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Passed into law over a decade before the Revolution, the Family Protection Law quickly drew the ire of the conservative clergy and the Ayatollah Khomeini in 1979. In fact, it was one of the first laws to be rescinded following the revolution.
The law was hardly a surprising target, however, since women's status in Iran was then - and continues now to be - a central concern of Iranian political leaders, media commentators, and international observers alike. Taking up the issue of women's status in a modern context, Marianne Boe offers a nuanced view of how women's rights activists assert their rights within an Islamic context by weaving together religious and historical texts and narratives.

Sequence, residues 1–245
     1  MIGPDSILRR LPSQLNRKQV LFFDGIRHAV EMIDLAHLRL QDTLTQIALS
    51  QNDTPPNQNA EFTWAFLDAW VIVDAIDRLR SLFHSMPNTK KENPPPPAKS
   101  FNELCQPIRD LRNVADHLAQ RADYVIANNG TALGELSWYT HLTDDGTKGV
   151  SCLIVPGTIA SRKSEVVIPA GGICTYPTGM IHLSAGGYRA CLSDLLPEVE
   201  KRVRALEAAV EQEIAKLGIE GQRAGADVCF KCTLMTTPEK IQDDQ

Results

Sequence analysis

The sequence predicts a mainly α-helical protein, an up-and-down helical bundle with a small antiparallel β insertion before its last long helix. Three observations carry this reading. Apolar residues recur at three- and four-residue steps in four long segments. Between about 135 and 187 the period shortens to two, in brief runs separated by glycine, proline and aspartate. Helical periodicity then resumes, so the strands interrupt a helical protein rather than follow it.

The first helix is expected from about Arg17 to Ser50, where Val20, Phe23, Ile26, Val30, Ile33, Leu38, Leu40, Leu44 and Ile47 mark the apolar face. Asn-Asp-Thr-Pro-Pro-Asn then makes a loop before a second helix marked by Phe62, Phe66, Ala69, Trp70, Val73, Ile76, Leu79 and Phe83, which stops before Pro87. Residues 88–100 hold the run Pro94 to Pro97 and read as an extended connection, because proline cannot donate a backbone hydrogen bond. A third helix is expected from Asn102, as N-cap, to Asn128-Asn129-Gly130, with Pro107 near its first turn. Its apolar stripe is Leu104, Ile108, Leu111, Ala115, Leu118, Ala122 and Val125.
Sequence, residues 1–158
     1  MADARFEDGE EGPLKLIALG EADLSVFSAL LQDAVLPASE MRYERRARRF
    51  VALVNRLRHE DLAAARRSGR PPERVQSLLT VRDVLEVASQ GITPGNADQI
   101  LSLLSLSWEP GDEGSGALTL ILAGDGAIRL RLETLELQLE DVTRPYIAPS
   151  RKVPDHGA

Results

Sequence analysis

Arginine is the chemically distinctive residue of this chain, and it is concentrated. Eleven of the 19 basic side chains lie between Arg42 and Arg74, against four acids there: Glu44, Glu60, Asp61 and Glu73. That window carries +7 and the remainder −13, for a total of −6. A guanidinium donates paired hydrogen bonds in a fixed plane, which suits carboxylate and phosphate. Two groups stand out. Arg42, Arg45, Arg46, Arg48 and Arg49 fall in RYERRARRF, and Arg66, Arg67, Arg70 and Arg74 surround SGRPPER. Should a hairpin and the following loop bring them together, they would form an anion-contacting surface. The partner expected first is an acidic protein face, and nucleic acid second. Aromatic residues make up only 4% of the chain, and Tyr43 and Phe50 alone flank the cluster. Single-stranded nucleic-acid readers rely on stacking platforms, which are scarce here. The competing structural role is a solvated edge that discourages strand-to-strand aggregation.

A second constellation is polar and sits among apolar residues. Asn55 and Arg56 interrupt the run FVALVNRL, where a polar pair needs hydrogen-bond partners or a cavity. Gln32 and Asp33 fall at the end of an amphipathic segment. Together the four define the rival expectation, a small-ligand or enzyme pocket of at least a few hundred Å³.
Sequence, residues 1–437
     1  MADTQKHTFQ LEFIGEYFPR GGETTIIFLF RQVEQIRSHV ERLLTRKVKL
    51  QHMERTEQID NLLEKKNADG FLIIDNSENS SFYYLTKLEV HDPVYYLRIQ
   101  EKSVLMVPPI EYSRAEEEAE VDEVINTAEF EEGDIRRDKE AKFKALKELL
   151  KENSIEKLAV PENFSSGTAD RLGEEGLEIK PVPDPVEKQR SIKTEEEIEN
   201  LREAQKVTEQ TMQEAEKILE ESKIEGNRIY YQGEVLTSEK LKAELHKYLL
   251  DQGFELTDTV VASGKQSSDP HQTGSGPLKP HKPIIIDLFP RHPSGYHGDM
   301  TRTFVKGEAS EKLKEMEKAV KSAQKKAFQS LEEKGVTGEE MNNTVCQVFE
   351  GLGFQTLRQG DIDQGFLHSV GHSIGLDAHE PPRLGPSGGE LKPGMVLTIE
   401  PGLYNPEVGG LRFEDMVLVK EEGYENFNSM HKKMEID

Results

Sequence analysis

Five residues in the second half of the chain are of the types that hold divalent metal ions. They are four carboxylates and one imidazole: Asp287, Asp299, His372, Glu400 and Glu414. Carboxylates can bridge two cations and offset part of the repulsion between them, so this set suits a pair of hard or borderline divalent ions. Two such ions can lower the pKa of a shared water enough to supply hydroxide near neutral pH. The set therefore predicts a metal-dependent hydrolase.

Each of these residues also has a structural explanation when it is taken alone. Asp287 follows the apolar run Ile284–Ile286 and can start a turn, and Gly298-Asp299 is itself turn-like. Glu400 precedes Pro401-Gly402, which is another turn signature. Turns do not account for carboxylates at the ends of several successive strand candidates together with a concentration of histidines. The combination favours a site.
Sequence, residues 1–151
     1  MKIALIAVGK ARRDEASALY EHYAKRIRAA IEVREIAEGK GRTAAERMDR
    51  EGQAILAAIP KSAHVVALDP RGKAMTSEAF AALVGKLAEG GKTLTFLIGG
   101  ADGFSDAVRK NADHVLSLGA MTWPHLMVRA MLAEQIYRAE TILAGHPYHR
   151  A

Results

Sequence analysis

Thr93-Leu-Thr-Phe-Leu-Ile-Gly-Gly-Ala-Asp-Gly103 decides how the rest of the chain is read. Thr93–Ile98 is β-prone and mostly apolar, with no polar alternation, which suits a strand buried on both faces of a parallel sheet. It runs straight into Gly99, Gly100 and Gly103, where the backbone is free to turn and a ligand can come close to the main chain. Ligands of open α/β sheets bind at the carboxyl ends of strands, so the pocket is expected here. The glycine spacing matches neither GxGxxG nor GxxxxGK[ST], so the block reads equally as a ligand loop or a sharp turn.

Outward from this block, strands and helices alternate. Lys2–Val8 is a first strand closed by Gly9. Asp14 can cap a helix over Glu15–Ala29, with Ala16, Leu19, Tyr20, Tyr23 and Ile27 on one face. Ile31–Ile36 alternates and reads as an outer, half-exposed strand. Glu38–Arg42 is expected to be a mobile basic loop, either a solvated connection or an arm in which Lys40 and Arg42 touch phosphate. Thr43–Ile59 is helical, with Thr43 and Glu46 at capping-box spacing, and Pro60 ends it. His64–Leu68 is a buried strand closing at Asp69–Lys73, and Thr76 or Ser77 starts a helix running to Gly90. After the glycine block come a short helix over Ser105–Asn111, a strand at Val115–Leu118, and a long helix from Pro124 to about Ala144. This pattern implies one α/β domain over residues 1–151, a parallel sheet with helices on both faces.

Through Her substantial fieldwork and novel analysis, Boe undermines both the traditional view of 'Islamic Feminism' as monolithic and clears a path to a new understanding of the role of women's rights activists in shaping and synthesizing debates on the shari'a, women's rights and family law. As such, this book is essential for anyone studying family law and the role of women in contemporary Iran.